Sex trafficking is the use of force, fraud, or coercion to make someone provide sex for money or things. If you are under 18, you are automatically considered a victim of sex trafficking if you are trading sex for food, drugs, a place to stay or cash, even if you agree to what is happening.
If you think you or someone you know is experiencing human trafficking, reach out for support. You can call a local sexual assault centre.
We know you are trying your hardest to stay safe and live your life, and sometimes that means making sacrifices. It can be hard to know when sacrifices and work cross the line to exploitation and abuse. It’s not easy to tell if an employer or someone you love or trust is actually taking advantage of you. Here are some signs to look out for. It’s important to note that each trafficking situation is unique, and there are many more indicators than the ones listed here.
- Your employer doesn’t pay you in cash or they keep your money;
- Doesn’t pay you at all
- Someone doesn’t let you go where you please
- Someone makes you feel extreme emotions in order to control you: sometimes they tear you down, calling you names like “trash,” while other times they build you up by calling you names like “queen”
- Someone can access and control your phone, Twitter, Instagram, Snapchat, or email
- Your employer promised you one type of job, but instead makes you do something different
- A person that you trust or the person that you love makes you have sex with other people
- You don’t get to choose who you can be friends with
Steer clear of people who might try to exploit you
- Don’t share your passwords (social media, bank PIN numbers, email, etc.) and avoid posting your location online
- Keep an eye on your ID documents; if someone asks to hold them for you, say no Identify friends, community members, and family that you trust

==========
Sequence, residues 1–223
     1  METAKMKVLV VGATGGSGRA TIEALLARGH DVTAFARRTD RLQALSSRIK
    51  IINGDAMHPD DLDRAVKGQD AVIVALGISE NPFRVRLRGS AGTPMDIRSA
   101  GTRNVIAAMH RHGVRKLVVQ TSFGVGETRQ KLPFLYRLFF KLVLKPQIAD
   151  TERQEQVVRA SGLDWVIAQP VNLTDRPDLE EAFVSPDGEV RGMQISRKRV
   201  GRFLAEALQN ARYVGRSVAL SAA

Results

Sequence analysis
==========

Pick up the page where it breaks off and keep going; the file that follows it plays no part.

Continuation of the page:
- Remember that you deserve to be safe
- Remind yourself that your worth is not determined by another person
- Be careful on social media – traffickers often use social media as recruiting grounds
- Traffickers will target youth in group homes and schools – tell someone you trust if you notice someone hanging around
- Come up with a safety plan – think about who you would call, where you would go, and how you would get there if you found yourself in a situation that felt unsafe
- Trust your gut – if it feels too good to be true – it is.
Sometimes people who are being trafficked don’t believe that they are being victimized. They may be too close to the situation to realize that they are being taken advantage of, they may be in love with their trafficker, or they may not see any other options. As a friend or fellow community member, you are in a unique position to recognize when someone you know is in trouble. This is especially important for those people who are not living at home or who may not have enough support from their families.
- Someone has isolated your friend from you and other loving and supportive people
- Someone makes decisions for your friend about when your friend is free, where they can go, or who they can hang out with
- Your friend left town suddenly or they disappear from time to time with little or no explanation
- Your friend is highly secretive about a new relationship or their whereabouts
- Your friend has received expensive new gifts
- You never see your friend anymore or you can never get time alone with them
- Your friend seems frightened or nervous
- Your friend seems malnourished or ill and isn’t allowed to get the treatment they need
If you think you or a friend is being exploited – reach out to someone you trust and is supportive. Contact a sexual assault centre. They can help you figure out what to do next and they will protect your privacy.